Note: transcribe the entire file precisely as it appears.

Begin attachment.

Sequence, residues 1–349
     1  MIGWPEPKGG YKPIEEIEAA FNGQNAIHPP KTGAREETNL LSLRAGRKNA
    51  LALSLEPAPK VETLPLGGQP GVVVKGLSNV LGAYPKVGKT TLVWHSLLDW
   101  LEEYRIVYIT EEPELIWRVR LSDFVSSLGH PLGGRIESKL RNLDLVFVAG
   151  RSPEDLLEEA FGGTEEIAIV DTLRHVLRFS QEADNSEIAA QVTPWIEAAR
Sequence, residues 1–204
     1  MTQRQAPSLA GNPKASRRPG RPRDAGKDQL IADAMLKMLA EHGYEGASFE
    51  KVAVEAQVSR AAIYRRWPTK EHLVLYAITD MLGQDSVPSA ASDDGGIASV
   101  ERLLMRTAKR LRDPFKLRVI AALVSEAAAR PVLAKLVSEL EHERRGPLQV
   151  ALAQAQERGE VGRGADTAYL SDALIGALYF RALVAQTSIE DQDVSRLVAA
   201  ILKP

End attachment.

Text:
Sequence, residues 1–349
     1  MIGWPEPKGG YKPIEEIEAA FNGQNAIHPP KTGAREETNL LSLRAGRKNA
    51  LALSLEPAPK VETLPLGGQP GVVVKGLSNV LGAYPKVGKT TLVWHSLLDW
   101  LEEYRIVYIT EEPELIWRVR LSDFVSSLGH PLGGRIESKL RNLDLVFVAG
   151  RSPEDLLEEA FGGTEEIAIV DTLRHVLRFS QEADNSEIAA QVTPWIEAAR
Sequence, residues 1–204
     1  MTQRQAPSLA GNPKASRRPG RPRDAGKDQL IADAMLKMLA EHGYEGASFE
    51  KVAVEAQVSR AAIYRRWPTK EHLVLYAITD MLGQDSVPSA ASDDGGIASV
   101  ERLLMRTAKR LRDPFKLRVI AALVSEAAAR PVLAKLVSEL EHERRGPLQV
   151  ALAQAQERGE VGRGADTAYL SDALIGALYF RALVAQTSIE DQDVSRLVAA
   201  ILKP